The plastic composite avalanche for aircraft is gaining speed. Hexcel, one of three major suppliers of carbon fiber composites, received a contract worth more than $4 billion to supply material for the Airbus A350 XWB aircraft through 2025. Airbus already has 360 firm orders for its A350 XWB, which includes three versions.
"Given that the A350 has roughly $5 million to $6 million of composite content per plane and this is only the first award to be announced, there is still a significant amount of content to be won by Hexcel and the other two composite producers, Cytec and Toray," said Credit Suisse analyst John McNulty. "In the event that [Hexcel] can get as much penetration on the A350 as they have with Airbus’s A380 platform–about 75.0%–this would equate to a potential of roughly $4.5 million per plane, and HXL is very optimistic on its prospects for future awards," McNulty said.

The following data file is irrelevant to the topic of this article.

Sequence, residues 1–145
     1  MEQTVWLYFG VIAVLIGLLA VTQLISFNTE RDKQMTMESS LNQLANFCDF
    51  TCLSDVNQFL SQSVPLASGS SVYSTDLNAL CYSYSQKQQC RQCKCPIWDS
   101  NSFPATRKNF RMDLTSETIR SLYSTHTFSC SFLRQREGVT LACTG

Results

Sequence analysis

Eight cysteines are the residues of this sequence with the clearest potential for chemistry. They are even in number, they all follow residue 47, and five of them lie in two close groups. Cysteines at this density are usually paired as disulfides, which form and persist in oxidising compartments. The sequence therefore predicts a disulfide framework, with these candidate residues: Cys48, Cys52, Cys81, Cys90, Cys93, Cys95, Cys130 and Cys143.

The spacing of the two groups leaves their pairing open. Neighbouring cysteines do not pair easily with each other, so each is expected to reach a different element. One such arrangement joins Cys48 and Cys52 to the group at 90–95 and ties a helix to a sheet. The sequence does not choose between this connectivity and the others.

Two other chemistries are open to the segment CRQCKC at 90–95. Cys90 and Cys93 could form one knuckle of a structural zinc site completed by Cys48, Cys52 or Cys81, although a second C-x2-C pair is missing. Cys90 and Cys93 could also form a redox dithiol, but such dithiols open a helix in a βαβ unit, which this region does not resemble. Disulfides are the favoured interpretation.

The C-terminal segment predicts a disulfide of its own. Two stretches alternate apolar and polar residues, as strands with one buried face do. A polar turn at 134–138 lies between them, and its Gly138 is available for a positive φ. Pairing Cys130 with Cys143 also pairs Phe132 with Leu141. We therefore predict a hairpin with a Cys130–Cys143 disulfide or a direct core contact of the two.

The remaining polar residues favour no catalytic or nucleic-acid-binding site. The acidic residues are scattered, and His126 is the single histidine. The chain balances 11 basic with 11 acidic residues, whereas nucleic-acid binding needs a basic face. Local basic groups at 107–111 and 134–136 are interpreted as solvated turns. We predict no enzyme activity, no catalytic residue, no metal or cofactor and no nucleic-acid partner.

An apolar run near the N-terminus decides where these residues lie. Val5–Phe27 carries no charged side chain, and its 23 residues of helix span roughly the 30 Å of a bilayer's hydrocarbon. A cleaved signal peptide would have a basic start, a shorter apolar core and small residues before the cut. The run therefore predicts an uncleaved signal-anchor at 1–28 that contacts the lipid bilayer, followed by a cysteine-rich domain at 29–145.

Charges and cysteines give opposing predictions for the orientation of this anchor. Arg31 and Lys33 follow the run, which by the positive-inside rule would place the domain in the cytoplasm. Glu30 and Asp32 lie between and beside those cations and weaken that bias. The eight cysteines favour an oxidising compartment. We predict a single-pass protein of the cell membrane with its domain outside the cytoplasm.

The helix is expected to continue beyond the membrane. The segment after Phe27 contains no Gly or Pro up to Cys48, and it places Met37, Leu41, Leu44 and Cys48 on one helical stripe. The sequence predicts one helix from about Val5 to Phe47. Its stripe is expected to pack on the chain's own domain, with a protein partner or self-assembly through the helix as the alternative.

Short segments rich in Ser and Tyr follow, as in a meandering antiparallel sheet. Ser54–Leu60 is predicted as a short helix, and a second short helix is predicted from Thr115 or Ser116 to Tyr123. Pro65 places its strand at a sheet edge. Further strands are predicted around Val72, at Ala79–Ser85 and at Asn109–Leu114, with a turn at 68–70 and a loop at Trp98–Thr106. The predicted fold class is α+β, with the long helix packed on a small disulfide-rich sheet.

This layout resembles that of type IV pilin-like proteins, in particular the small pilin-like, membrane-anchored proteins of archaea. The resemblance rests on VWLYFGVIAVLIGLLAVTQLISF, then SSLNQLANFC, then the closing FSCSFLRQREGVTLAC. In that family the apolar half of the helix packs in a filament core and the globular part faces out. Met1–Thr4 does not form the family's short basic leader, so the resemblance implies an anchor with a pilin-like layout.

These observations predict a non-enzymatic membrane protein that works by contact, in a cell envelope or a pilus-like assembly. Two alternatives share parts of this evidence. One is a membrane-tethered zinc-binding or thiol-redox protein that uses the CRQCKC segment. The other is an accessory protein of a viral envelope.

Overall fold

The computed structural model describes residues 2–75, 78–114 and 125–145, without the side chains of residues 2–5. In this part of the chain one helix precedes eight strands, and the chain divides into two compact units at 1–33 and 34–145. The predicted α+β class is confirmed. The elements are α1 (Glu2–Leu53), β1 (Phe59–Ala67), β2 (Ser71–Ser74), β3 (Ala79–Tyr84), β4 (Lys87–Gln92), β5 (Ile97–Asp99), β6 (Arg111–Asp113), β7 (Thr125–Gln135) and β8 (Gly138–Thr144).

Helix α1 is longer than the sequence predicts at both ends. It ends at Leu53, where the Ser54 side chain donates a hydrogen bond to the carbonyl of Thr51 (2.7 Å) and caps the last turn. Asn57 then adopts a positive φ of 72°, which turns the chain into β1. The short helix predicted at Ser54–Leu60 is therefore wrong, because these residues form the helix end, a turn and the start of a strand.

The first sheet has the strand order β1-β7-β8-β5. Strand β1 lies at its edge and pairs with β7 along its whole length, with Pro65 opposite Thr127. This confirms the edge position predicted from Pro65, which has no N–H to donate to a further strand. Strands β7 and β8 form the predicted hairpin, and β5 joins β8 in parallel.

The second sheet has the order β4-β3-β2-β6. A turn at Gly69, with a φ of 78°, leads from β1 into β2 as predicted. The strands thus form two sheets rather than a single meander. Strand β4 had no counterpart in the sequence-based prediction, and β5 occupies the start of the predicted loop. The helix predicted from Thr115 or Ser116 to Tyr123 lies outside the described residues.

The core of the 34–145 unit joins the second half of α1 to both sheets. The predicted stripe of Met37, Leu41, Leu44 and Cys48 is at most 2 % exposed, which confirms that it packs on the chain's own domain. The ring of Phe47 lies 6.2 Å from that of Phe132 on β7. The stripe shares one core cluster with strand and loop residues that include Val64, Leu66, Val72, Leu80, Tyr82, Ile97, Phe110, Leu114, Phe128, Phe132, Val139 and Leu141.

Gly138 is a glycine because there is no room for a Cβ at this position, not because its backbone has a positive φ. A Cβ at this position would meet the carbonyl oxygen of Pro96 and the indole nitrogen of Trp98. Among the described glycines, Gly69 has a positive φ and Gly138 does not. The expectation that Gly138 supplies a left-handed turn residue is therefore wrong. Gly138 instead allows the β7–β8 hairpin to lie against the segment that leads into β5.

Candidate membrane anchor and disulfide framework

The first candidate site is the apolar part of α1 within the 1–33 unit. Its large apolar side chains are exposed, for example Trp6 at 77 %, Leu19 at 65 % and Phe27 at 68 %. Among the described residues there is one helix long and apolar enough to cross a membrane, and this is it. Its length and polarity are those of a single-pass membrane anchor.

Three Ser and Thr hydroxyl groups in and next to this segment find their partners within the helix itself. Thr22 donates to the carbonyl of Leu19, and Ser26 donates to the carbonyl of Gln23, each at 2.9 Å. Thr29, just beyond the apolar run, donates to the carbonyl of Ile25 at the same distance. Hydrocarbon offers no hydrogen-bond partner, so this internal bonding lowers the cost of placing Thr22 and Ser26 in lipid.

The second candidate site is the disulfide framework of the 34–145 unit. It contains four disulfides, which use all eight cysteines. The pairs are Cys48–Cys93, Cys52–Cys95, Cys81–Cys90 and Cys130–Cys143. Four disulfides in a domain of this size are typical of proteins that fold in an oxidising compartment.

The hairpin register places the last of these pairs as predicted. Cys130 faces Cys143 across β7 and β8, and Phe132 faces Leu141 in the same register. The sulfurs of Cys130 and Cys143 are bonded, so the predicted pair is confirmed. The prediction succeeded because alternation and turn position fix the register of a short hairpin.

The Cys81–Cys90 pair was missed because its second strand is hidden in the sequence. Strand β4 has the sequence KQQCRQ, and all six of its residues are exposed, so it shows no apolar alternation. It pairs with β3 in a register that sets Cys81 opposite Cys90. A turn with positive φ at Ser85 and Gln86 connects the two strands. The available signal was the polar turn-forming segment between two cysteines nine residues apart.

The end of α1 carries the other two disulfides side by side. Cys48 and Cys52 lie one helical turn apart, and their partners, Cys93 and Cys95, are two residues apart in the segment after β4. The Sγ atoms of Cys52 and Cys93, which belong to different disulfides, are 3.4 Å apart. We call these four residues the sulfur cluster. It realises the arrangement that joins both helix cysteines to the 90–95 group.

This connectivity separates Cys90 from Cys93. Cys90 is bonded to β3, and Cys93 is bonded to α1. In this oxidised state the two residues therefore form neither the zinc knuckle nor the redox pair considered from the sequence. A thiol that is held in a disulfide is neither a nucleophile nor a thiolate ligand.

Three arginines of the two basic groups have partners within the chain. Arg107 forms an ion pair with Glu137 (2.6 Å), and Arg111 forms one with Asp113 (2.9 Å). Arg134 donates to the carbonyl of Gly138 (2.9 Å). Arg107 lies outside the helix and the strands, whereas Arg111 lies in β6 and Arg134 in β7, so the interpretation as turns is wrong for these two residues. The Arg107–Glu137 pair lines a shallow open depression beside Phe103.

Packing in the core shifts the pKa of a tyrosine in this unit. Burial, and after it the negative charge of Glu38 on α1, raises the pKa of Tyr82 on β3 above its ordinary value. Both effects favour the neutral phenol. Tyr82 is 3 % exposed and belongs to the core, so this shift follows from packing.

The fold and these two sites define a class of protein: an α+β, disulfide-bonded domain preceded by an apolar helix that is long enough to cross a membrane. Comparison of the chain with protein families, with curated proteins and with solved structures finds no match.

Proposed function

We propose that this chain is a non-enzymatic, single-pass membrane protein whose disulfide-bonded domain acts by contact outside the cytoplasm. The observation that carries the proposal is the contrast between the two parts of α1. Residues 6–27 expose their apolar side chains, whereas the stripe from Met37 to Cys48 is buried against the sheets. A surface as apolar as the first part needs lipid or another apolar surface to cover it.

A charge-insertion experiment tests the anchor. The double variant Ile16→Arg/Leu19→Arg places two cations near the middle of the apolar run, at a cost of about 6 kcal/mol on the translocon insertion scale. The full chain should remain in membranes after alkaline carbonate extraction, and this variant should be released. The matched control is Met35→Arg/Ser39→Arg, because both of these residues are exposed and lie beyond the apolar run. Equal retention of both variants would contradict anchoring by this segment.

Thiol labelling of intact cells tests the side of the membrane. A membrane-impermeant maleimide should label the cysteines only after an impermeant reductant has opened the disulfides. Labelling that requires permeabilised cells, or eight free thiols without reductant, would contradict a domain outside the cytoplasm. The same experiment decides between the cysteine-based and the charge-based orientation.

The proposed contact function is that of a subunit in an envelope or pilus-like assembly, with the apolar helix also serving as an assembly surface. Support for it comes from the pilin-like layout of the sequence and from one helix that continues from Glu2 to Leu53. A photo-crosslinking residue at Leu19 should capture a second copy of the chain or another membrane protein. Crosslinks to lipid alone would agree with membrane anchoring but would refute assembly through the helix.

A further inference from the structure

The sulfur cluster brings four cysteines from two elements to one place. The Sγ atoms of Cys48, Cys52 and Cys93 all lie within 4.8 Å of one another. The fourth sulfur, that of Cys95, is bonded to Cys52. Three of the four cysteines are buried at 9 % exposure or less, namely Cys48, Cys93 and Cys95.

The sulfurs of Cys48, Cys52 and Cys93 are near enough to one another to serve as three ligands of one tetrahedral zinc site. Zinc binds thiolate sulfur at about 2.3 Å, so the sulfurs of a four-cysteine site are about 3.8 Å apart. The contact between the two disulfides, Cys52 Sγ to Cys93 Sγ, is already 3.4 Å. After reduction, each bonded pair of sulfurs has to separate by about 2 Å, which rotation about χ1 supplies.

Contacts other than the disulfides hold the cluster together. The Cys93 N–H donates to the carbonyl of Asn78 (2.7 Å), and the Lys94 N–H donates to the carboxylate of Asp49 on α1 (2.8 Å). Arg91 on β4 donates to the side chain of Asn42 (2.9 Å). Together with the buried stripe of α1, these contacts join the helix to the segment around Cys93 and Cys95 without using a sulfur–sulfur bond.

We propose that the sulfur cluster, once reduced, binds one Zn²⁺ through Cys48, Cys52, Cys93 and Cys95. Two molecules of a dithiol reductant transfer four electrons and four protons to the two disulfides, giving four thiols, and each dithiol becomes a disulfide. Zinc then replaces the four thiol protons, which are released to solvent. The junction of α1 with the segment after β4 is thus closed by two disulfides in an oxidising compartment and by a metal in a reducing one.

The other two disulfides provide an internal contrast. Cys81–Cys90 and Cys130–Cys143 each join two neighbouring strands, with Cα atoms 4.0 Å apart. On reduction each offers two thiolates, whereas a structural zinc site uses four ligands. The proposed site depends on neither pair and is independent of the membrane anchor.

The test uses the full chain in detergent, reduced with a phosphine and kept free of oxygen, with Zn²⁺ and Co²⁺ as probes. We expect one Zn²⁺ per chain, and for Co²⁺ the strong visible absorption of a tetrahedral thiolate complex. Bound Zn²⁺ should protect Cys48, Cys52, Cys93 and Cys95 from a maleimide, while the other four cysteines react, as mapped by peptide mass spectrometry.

Hexcel will build significant new capacity, just as Toray did for the 787.
How can automakers, aerospace contractors, and other OEMs get new metal alloys that are stronger, harder, and can survive ever higher temperatures? One way is to redesign their crystalline structures at the nanoscale and microscale.
Although a lot of the excitement about 3D printing and additive manufacturing surrounds its ability to make end-products and functional prototypes, some often ignored applications are the big improvements that can come by using it for tooling, jigs, and fixtures.
A fun and informative tour you can attend at the upcoming Design & Manufacturing Minneapolis, MD&M Minneapolis, and other events there, is the Materials Innovation Tour on Wednesday afternoon. I'll be leading it.
Focus on Fundamentals consists of 45-minute on-line classes that cover a host of technologies.
You learn without leaving the comfort of your desk. All classes are taught by subject-matter experts and all are archived.
So if you can't attend live, attend at your convenience.